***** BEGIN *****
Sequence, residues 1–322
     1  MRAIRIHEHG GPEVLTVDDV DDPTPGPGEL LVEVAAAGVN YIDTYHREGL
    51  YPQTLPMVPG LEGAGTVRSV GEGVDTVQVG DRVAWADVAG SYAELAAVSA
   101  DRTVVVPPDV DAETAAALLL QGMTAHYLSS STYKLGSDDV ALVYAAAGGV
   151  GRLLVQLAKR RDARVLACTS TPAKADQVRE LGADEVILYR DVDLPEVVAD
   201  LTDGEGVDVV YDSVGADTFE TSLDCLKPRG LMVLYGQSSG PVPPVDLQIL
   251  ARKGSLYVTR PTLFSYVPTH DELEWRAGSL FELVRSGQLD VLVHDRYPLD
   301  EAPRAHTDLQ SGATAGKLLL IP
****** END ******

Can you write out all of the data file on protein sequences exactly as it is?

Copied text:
Sequence, residues 1–322
     1  MRAIRIHEHG GPEVLTVDDV DDPTPGPGEL LVEVAAAGVN YIDTYHREGL
    51  YPQTLPMVPG LEGAGTVRSV GEGVDTVQVG DRVAWADVAG SYAELAAVSA
   101  DRTVVVPPDV DAETAAALLL QGMTAHYLSS STYKLGSDDV ALVYAAAGGV
   151  GRLLVQLAKR RDARVLACTS TPAKADQVRE LGADEVILYR DVDLPEVVAD
   201  LTDGEGVDVV YDSVGADTFE TSLDCLKPRG LMVLYGQSSG PVPPVDLQIL
   251  ARKGSLYVTR PTLFSYVPTH DELEWRAGSL FELVRSGQLD VLVHDRYPLD
   301  EAPRAHTDLQ SGATAGKLLL IP